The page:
5715ch9 - 9 Switched Reluctance Generators and Their...

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© 2006 by Taylor & Francis Group, LLC 9 -1 9 Switched Reluctance Generators and Their Control 9.1 Introduction . ...................................................................... 9 -1 9.2 Practical Topologies and Principles of Operation. .......... 9 -2 The kW/Peak kVA Ratio 9.3 SRG(M) Modeling. ............................................................. 9 -9 9.4 The Flux/Current/Position Curves. ................................. 9 -10 9.5 Design Issues . ................................................................... 9 -12 Motor and Generator Specifications Number of Phases, Stator and Rotor Poles: m , N s N r Stator Bore Diameter D is and Stack Length The Number of Turns per Coil W c for Motoring Current Waveforms for Generator Mode 9.6 PWM Converters for SRGs. ............................................. 9 -18 9.7 Control of SRG(M)s . ....................................................... 9 -21 Feed-Forward Torque Control of SRG(M) with Position Feedback 9.8 Direct Torque Control of SRG(M) . ................................ 9 -25 9.9 Rotor Position and Speed Observers for Motion-Sensorless Control. ....................................... 9 -30 Signal Injection for Standstill Position Estimation 9.10 Output Voltage Control in SRG. ..................................... 9 -31 9.11 Summary. .......................................................................... 9 -33 References. ................................................................................... 9 -35 9.1 Introduction Switched reluctance generators (SRGs) are double-saliency electric machines with nonoverlapping stator multiphase windings and with passive rotors. They may also be assimilated with stepper motors with position-controlled pulsed currents. Multiphase configurations are required for smooth power delivery and eventual self-starting and motoring, if the application requires it. SRGs were investigated mainly for variable speed operation as starter/generators on hybrid electric vehicles, as power generators, on aircraft and for wind energy conversion. They may also be considered for super-high-speed gas turbine generators from kilowatt to megawatt (MW) power range per unit. As SRGs lack permanent magnets (PMs) or rotor windings, they are low cost, easy to manufacture, and can operate at high speeds and in high-temperature environments.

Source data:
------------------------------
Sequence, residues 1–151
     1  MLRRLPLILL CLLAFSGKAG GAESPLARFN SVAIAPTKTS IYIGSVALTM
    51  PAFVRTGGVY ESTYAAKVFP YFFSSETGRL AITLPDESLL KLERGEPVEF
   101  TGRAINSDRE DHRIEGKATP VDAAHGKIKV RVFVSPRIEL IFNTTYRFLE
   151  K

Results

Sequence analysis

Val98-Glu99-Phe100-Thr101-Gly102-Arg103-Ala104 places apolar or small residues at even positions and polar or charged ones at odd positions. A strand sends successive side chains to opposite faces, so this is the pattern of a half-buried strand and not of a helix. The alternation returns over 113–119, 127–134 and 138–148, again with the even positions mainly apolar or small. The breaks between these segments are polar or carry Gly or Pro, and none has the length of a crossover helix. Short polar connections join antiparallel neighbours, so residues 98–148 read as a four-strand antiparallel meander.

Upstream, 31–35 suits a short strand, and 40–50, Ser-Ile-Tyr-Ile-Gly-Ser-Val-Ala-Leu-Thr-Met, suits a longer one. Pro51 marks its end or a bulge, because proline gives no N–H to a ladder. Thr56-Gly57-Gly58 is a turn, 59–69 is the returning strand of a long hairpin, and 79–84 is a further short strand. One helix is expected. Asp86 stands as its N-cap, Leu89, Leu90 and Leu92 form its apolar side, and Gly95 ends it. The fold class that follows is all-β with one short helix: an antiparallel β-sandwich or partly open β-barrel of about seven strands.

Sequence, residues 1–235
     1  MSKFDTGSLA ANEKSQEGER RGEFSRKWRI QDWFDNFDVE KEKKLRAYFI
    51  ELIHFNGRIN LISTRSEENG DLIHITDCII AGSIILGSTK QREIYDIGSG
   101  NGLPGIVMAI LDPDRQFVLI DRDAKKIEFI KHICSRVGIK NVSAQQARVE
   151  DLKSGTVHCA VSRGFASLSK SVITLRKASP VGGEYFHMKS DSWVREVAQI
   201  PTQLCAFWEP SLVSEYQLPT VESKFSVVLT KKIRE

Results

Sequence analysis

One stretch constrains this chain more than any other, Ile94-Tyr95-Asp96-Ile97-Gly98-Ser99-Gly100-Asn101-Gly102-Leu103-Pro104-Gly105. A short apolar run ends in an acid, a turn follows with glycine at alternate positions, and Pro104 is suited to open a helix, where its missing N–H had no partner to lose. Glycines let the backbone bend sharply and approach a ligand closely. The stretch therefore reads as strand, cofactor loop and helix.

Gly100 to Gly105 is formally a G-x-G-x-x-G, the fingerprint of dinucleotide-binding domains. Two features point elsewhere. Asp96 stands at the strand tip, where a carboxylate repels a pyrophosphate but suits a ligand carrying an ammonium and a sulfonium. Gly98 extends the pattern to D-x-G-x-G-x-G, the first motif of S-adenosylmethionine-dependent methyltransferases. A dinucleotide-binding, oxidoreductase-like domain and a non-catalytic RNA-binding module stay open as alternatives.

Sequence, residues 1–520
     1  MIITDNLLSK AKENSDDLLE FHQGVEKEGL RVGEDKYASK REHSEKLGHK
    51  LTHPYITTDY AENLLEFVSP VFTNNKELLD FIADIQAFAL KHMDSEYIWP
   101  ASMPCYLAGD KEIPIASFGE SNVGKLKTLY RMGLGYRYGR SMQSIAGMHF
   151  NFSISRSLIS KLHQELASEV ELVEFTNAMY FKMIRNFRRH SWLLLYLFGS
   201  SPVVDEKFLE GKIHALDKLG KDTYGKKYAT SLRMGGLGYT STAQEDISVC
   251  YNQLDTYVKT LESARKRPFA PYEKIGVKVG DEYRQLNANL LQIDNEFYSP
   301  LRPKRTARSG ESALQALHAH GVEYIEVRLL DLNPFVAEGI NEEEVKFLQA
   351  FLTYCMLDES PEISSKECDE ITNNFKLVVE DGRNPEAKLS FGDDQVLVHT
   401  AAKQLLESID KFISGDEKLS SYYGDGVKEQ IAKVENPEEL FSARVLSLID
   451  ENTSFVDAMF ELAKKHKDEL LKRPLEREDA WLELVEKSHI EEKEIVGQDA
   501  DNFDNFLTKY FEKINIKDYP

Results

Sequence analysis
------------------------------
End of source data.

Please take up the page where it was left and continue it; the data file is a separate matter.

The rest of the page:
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© 2006 by Taylor & Francis Group, LLC 9 -2 Variable Speed Generators In vehicular applications, an SRG is required to perform over a wide speed range to comply with the internal combustion engine (ICE) that drives it. For wind energy conversion, limited speed range is needed to extract additional wind energy at lower mechanical stress in the system. Aware of the very rich literature on SRMs [1, 2], we will treat in this chapter the following aspects deemed as representative: • Practical topologies and principles of operation • Characteristics for performance evaluation • Design for wide constant power range • Converters for SRG motor (M) • Control of SRG as starter/generator with and without motion sensors The existence of a handful of companies that fabricate and dispatch SRMs [3] and vigorous recent proposals of SRGs as starters/alternators for automobiles and aircraft (up to 250 kW per unit) seem sufficient reason to pursue the SRG study within a separate chapter such as this one. 9.2 Practical Topologies and Principles of Operation A primitive single-phase SRG(M) configuration with two stator and two rotor poles is shown in Figure 9.1a and Figure 9.1b. It illustrates the principle of reluctance machine, where torque is produced through magnetic anisotropy. The stored magnetic energy ( W e ) or coenergy ( W c
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5715ch9 - 9 Switched Reluctance Generators and Their...

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